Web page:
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Do You Suspect It May Be Time to Test for Fixed Asset Impairment? This Will Help.

Fixed asset impairment occurs when an asset experiences a one-time or unexpected drop in value, resulting in a significantly lower market value than the one listed on your balance sheet. Fixed assets are one of the most likely asset types to become impaired because they stay on your books for such a long time. That is why you need to know how and when to test for impairment.

Note: GAAP and IFRS have different definitions for impairment. In this article, we rely on the definition under GAAP.

Examples of When Fixed Asset Impairment Occurs

Your fixed assets may lose their value for many reasons, including:

  • Regulatory or technological changes
  • Shifts in the market
  • Consumer preference changes
  • A negative community outlook
  • Damage or a change in usage rates
  • Other forecasts of long-term non profitability

Note that impairment is different from depreciation.

  • Impairment reflects a one-time or unusual drop in market value that occurs when you determine that your business will never be able to recover an item’s net carrying cost remaining on the books.
  • Depreciation is the standardized reduction in value you calculate each year. It can be equal, straight-line amounts year after year, or it may be accelerated for a few periods.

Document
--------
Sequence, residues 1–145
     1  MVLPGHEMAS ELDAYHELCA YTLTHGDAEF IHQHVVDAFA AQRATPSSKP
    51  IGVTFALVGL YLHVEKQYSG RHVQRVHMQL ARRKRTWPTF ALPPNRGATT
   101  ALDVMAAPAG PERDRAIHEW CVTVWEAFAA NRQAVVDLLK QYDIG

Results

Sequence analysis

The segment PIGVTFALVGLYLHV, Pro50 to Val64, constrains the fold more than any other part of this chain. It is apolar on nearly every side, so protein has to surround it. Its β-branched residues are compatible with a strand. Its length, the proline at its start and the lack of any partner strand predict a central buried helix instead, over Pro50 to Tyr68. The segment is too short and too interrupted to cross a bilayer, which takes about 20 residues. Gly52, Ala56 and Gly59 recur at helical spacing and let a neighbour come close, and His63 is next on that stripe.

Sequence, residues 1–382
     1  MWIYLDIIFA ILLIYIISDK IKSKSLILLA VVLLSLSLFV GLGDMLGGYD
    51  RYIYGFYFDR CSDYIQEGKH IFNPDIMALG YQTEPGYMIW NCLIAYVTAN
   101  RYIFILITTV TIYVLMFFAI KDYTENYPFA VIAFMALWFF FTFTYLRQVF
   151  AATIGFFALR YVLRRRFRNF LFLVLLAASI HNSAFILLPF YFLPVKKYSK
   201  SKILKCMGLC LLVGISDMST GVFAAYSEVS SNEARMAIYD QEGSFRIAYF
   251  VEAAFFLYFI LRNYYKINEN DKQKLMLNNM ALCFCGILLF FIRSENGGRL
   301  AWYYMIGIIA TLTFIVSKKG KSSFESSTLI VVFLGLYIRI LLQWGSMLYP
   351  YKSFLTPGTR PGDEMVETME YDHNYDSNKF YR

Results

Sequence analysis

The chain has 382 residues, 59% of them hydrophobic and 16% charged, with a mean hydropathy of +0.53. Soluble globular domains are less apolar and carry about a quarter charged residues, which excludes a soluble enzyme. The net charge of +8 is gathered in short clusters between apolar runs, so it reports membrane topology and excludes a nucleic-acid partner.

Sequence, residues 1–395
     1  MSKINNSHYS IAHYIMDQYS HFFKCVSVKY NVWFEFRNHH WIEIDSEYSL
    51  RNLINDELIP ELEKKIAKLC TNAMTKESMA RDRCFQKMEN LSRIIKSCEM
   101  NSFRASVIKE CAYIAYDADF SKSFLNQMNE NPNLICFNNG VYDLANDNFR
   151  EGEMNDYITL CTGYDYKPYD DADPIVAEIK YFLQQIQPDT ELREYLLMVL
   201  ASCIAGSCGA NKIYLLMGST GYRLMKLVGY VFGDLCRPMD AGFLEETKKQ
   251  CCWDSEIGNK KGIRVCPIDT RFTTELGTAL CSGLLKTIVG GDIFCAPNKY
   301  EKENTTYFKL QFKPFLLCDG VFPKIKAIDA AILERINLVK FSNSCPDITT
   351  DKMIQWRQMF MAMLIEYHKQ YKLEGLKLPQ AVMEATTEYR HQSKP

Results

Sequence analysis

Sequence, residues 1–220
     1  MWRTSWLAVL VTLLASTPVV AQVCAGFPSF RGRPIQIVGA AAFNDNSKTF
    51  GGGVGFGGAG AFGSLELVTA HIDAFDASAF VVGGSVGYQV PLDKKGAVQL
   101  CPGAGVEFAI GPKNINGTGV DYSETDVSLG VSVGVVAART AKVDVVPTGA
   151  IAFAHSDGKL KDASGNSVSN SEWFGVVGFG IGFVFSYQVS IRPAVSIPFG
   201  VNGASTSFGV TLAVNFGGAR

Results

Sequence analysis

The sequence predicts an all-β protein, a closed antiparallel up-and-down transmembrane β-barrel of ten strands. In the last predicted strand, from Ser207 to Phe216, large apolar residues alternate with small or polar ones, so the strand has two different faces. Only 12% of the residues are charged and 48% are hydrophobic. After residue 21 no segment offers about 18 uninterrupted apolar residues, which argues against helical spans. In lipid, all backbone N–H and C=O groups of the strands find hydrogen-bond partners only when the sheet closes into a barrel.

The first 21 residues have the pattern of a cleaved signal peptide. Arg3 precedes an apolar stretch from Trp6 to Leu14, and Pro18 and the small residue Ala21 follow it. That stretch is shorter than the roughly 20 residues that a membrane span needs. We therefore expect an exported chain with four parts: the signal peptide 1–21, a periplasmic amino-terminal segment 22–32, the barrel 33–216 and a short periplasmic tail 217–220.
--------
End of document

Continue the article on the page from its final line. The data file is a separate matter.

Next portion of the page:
When It’s a Good Idea to Test for Impairment

In general, you should make sure that you regularly assess whether an asset or asset group may have experienced a significant change in its circumstances. Sometimes this is obvious, such as when a hurricane structurally damages your property. Sometimes this is less obvious, such as when consumer preferences change.

Since it’s impractical to test every asset in every period, it is a smart idea to set aside time to consider whether the following triggering events may have occurred for any of your fixed assets. Ask:

  • Is a new asset significantly more expensive to obtain that you had previously thought?
  • Is your asset associated with a history of current period losses or operating cash flow losses?
  • Does your asset show a pattern of declining market value?

How to Test for Fixed Asset Impairment

When you identify that a triggering event has occurred, you should test for impairment. To do this:

  1. Properly value the asset at fair market value prior to testing. Valuation is difficult, so you may want to work with an expert for this step.
  2. Set your testing threshold at the lowest possible level, such as for each individual item instead of for an entire building’s-worth of items.
  3. Use the calculation below to fairly determine if an asset’s net carrying amount exceeds its current fair market value. If this can be demonstrated, the asset can probably be impaired and written down on the books, with some exclusions (*see Note below).

[Net carrying amount] – [current fair market value] = [Impairment amount]

As an example, if you bought a tugboat 5 years ago for $150K with a salvage value of $20K, you have probably been straight-line depreciating it at $13K per year since then (original cost minus salvage value, divided by 10 years of straight-line depreciation).

At 5 years, your remaining depreciation / carrying amount is $65K, but the tugboat has suffered some structural damage, which impacts the electronics. You can fix it to remain serviceable for your limited needs, but you can tell that its erratic technology will impact its market value. You determine that its fair market value is now only $40K, so your calculation would read: